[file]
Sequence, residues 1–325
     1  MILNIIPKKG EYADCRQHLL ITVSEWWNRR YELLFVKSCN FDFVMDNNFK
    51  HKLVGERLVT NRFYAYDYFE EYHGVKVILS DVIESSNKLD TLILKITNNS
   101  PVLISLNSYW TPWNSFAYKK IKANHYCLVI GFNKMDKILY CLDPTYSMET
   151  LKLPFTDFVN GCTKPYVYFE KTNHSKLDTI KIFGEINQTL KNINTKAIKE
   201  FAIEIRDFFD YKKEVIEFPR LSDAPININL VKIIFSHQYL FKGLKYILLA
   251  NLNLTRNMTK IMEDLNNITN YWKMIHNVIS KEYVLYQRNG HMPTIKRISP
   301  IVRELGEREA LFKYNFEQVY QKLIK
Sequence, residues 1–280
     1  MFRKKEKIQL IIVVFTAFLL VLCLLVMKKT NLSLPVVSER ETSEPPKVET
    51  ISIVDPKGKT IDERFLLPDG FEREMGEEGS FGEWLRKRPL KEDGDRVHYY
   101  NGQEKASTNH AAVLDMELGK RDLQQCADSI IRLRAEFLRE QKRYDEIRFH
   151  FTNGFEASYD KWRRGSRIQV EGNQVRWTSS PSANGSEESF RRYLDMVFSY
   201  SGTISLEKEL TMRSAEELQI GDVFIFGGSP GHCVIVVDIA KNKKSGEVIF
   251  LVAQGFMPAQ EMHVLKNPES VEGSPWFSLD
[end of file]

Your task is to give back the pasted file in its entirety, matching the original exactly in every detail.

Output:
Sequence, residues 1–325
     1  MILNIIPKKG EYADCRQHLL ITVSEWWNRR YELLFVKSCN FDFVMDNNFK
    51  HKLVGERLVT NRFYAYDYFE EYHGVKVILS DVIESSNKLD TLILKITNNS
   101  PVLISLNSYW TPWNSFAYKK IKANHYCLVI GFNKMDKILY CLDPTYSMET
   151  LKLPFTDFVN GCTKPYVYFE KTNHSKLDTI KIFGEINQTL KNINTKAIKE
   201  FAIEIRDFFD YKKEVIEFPR LSDAPININL VKIIFSHQYL FKGLKYILLA
   251  NLNLTRNMTK IMEDLNNITN YWKMIHNVIS KEYVLYQRNG HMPTIKRISP
   301  IVRELGEREA LFKYNFEQVY QKLIK
Sequence, residues 1–280
     1  MFRKKEKIQL IIVVFTAFLL VLCLLVMKKT NLSLPVVSER ETSEPPKVET
    51  ISIVDPKGKT IDERFLLPDG FEREMGEEGS FGEWLRKRPL KEDGDRVHYY
   101  NGQEKASTNH AAVLDMELGK RDLQQCADSI IRLRAEFLRE QKRYDEIRFH
   151  FTNGFEASYD KWRRGSRIQV EGNQVRWTSS PSANGSEESF RRYLDMVFSY
   201  SGTISLEKEL TMRSAEELQI GDVFIFGGSP GHCVIVVDIA KNKKSGEVIF
   251  LVAQGFMPAQ EMHVLKNPES VEGSPWFSLD